This was a long time coming… I started this in 2019 and i was determined to finish it in 2019…
I succeeded with more that 3 hours to spare on the 31st December 2019…
That’s right, up until eight o’clock in the evening on the New Year’s Eve i was in my cupboard studio knitting away the most challenging project up to date. I had told far too many people that it will be finished ‘this year’ (read: 2019) to then back off and prolong it even if for a day. Doubt anyone would’ve cared, also i could’ve lied, but i’d know so i had to finish it.
This came as a set and i ordered it, believe it or not, in the latter part of 2018. My plan was to wack them out over the festive period that year. It didn’t go to plan as it almost never does. I caught some nasty nasty cold that year, my festive holidays were spent in bed with high temperatures, sniffles and coughing up pieces of my lung. By the time i finally got round to casting on it was already January 5th.
I knew it would be a challenging project, but i didn’t quite fathom how time-consuming it will turn out to be. I had to learn a few things like folded over cuff with notches. Years ago, back in school, i actually already had learnt and done such detail, but, obviously all that had long left my head so a proper recap was in order. The fact that i had to work on 1.5 mm needles also had an impact on the overall working speed. Hiya Hiya Sharps – the sharpest needles i’ve ever stabbed myself with, repeatedly. The faster you try to move forwards the more stabbing is happening and they do pierce through the skin like there’s no tomorrow. Bleeding over a white mitten would not be advised.
By February one mitten was done and England happened to experience some out of the blue heatwaves. I didn’t see much point casting on the second mitten just in time for the summer so i left it be. The plan was to resume this grand project later in the year in time for the next cold season.
I was on track at first. Come November, the second mitten was already on it’s way, if not the trillion of my parallel projects, i might’ve been able to finish it then as well. With so many project on the go as well as the general festive end-of-year mayhem i left myself only a couple of days to finish the mitten. Oh, the hand cramps were unreal i tell y’all!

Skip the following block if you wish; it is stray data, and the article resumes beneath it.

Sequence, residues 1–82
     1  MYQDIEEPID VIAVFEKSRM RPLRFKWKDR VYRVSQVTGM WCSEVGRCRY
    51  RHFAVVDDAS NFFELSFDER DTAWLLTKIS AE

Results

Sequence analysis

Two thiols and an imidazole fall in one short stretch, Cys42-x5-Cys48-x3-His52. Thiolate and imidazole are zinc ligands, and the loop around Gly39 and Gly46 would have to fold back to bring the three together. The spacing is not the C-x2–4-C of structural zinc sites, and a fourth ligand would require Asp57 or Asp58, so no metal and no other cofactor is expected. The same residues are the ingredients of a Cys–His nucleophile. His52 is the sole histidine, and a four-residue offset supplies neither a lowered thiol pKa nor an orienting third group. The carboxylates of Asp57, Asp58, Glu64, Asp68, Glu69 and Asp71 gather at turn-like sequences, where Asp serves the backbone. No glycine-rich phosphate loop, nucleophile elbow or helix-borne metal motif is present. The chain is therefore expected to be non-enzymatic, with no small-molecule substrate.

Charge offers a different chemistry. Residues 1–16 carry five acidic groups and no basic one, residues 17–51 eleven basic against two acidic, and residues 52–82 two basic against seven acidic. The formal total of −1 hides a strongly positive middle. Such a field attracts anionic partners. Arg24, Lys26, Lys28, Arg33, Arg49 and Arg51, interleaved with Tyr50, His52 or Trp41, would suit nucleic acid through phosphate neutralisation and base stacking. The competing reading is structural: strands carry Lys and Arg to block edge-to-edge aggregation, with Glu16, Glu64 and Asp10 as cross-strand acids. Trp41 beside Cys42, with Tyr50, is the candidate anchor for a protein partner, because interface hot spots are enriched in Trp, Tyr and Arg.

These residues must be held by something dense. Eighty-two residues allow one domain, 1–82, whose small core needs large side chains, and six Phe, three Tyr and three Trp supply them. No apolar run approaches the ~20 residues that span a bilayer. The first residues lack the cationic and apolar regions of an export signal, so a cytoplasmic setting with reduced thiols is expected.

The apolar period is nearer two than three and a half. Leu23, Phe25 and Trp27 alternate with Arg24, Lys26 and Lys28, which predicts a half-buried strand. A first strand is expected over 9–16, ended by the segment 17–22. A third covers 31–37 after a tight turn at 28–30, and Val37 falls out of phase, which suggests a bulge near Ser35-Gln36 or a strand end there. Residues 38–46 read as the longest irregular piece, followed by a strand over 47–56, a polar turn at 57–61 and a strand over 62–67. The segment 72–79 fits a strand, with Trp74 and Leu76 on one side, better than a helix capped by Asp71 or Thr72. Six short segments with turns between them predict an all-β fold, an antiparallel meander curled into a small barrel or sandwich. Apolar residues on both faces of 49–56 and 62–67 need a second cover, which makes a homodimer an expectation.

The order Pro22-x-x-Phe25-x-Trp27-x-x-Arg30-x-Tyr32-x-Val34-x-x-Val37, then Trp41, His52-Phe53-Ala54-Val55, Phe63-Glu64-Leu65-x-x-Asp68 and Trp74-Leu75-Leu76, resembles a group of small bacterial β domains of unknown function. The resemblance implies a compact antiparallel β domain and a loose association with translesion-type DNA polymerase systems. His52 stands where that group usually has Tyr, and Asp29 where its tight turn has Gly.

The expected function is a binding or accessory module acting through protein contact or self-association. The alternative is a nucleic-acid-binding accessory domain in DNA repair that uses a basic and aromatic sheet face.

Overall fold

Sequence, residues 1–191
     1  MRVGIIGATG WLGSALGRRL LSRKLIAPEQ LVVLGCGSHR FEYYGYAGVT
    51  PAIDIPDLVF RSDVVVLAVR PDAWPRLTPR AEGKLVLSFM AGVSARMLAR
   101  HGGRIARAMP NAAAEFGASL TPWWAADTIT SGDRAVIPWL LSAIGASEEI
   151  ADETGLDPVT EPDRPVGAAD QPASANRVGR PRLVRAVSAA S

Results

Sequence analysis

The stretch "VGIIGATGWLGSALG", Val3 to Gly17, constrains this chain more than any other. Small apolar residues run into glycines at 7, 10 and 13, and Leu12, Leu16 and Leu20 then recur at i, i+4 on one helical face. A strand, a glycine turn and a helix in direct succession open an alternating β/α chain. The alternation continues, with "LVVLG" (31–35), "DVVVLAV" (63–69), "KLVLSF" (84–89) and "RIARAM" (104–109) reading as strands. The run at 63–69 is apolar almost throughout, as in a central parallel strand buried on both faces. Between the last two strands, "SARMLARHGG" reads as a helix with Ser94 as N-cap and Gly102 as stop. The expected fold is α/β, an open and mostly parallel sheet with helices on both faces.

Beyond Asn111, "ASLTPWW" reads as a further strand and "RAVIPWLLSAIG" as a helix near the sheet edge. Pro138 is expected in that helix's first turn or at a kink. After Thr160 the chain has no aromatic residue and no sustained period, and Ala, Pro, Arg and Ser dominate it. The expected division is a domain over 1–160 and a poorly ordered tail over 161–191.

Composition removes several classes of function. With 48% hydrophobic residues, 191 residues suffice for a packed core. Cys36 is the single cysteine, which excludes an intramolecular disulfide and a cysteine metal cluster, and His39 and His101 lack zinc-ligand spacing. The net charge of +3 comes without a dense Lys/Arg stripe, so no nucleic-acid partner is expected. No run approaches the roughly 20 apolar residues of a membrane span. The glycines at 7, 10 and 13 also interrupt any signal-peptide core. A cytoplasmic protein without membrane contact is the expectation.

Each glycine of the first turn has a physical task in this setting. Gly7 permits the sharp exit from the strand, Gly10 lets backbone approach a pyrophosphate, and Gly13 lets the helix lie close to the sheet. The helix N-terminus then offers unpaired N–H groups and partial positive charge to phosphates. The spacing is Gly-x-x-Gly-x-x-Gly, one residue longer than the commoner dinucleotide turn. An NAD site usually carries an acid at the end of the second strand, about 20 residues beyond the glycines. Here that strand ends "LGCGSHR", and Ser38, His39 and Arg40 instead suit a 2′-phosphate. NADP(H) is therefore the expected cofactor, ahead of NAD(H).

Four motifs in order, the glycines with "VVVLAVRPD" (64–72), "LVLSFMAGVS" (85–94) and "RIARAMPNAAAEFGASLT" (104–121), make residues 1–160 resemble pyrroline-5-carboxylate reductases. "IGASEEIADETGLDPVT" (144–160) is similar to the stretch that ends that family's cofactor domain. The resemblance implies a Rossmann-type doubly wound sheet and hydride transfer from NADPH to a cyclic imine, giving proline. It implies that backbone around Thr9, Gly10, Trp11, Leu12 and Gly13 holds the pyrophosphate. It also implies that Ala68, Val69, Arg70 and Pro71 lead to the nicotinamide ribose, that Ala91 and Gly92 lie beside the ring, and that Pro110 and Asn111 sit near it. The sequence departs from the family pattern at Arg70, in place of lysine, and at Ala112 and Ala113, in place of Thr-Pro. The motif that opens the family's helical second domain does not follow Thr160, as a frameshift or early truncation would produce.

So, my thoughts overall – Love my Latvian mittens. The presentation of these sets are superb. Everything is thought through to the smallest detail – pattern drawing on the box, the right amount of yarn, clear chart and some written instructions. Be aware though -the yarn – it’s not merino. It’s stiff enough to begin with, quite coarse some could say, but once it had a bit of a soak, the wool changes and while still holding it’s shape well it becomes a lot softer, but i wouldn’t say it was ever harsh or itchy. To me this wool is exactly what i knew wool was since i was a child. My grandmother always knit all our socks, mittens and hats (trousers once) using this kind of wool. For a long time i didn’t know there were any other types of wool.
As for the pattern i chose – The main palm side pattern is memorable and after a while you know what you’re doing, top, however, not so much, without the chart i’d be lost. The chart itself is piece of art, it could be framed and put on a wall. Adding a thumb in the midst of colour work was a bit challenging for me but i managed somehow. Worst part was keeping the float tension same for both mittens. I regret to admit but i rushed my second mitten and because of that my floats got shorter, the gauge got tighter and my mitten got smaller. Not by a lot though… When i put them on i can feel the left mitten being more snug but with time and wear that will change i’m sure and unless you put both side to side and start comparing intensely, the diference is minor.
Happy it’s done though. I am eyeing the sock sets that are new in the shop, but maybe i will leave it for a bit before i start another intricate colour-work 🙂